By Tabora Bojang
Ahead of his state burial tomorrow, the daughter of slain opposition activist Solo Sandeng has told The Standard that although the family is encouraged by government’s stance in serving justice by taking punitive actions against those responsible for his death, there is still a pending amount of justice to be done on issues that he died for.
Solo Sandeng, a former opposition UDP youth leader, is lauded and respected as a martyr for the cause of democracy in The Gambia. He was arrested alongside other members of UDP after they protested for electoral reforms in April 2016.
In June 2022, the High Court sentenced to death former NIA director general Yankuba Badjie and 4 other officers for murdering the activist, while a doctor who prepared his death certificate was sentenced to 10 years for forgery.
The government has announced last week that Sandeng’s exhumed remains will be given back to the family for a state funeral.
Asked whether the family believes justice is finally served, Fatoumatta Sandeng replied: “When it comes to those people who have killed him, we have seen something has been done because they are serving their terms now, but when it comes to the country, the nation, what we should have done for him, for his sacrifice and what he died for are still not being realised. There is still a pending amount of justice to be done on what he stood for, which is electoral reforms, which is institutional reforms and constitutional reforms. These are things my father was keen about and these are the reasons why he was out on that day,” Sandeng said.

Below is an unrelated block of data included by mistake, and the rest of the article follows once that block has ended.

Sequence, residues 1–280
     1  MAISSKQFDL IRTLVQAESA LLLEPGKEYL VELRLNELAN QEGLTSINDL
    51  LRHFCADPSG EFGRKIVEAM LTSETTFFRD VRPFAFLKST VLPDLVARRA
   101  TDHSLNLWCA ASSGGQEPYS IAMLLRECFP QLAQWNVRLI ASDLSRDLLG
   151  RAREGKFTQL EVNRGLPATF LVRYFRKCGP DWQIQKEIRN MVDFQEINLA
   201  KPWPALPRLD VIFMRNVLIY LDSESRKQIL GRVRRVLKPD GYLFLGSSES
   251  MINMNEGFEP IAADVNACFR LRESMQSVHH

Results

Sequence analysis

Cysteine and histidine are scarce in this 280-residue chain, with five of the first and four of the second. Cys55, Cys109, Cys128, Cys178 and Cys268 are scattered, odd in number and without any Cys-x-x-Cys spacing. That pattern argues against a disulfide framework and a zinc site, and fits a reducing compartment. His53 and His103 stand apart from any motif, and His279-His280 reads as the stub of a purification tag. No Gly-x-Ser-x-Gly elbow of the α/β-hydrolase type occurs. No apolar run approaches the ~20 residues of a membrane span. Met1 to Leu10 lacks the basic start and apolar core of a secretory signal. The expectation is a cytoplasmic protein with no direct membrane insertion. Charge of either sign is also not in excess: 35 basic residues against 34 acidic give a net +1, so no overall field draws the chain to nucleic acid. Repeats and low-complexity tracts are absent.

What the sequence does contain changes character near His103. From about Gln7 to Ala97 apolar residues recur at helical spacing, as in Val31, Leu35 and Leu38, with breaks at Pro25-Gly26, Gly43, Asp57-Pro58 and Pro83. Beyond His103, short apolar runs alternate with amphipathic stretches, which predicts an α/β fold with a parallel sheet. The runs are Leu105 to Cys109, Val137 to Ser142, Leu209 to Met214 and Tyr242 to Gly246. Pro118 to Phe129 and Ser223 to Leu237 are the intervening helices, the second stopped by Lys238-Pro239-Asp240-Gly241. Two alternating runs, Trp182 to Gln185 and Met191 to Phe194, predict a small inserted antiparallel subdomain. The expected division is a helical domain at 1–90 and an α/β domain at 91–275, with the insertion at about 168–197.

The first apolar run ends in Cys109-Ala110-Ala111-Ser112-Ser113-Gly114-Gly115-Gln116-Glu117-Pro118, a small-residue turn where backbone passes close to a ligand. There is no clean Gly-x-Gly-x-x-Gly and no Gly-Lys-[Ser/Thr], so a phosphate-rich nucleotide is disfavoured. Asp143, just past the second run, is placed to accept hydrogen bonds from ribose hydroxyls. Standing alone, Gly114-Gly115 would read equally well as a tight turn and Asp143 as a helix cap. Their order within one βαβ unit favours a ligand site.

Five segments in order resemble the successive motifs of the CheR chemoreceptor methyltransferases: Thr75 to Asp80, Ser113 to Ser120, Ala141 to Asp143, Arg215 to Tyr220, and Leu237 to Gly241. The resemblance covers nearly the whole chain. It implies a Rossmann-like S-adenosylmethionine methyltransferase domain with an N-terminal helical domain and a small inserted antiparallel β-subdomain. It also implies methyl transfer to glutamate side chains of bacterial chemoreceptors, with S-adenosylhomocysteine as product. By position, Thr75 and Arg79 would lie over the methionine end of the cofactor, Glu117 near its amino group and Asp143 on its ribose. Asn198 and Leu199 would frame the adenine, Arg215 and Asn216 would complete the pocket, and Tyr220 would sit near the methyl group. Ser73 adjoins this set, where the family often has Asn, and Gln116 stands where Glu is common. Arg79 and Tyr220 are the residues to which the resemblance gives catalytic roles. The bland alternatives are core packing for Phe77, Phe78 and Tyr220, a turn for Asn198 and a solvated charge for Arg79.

She said besides these reforms, the issue of torture which her father is a victim of, is not criminalised in Gambian law books, which was why the court relied on other issues such as bodily harm to serve justice.
“It is the government that can pass the bills or policies and get them enforced. The person in the market cannot go to the National Assembly or the State House and do some of these things [reforms]. That is the responsibility of the government,” Fatoumatta charged.
Asked how the family considers UDP’s support in ensuring justice is served in her father’s cause, she said the family has got no problems with the stance of the opposition party, saying even though Solo cannot be separated from the party, he went out to protest on that fateful day, under the flag of an independent Gambian.
“We have seen UDP members go out to protest on April 16th 2016 and it was because of him [Solo] some were incarcerated and sentenced to 3 years and we have also seen other subsequent protests they embarked on. That was his party and it is part of his legacy that we cannot erase. So we respect who he was, where he belonged and what he stood for.”
Responding to whether they would want the state to recognise Solo, with a national day, Sandeng said that was long overdue.
“It has been six years and Solo [Sandeng] has never been honoured in any way by the state or government on April 14th or any other day. We are doing the state funeral, I take it as the state or the Gambia as a country is giving Solo at least that he deserved to be sent off. But I believe that the day that he died should be remembered in the Gambia. There should be monuments and places named after him. I know that other people have stood against dictatorship before him but he laid his life and he used to say if he must be the sacrificial lamb for Gambia to be free, so be it, and so he did not care about himself, he cared about the country that was bigger than him. So Gambia owed him at least some of these things that are evident in every other country for their heroes. It also encourages other people to come out and do something for their country. If I feel that my sacrifice would pay because people who did it before me were honoured and respected and appreciated, I would have no hesitation to come forward and do it for the country. But if those who died for me or stood for the country before me are ignored and not respected and honoured, then we would have less people to want to take that stance in the future and I think that is what is happening to the Gambia.”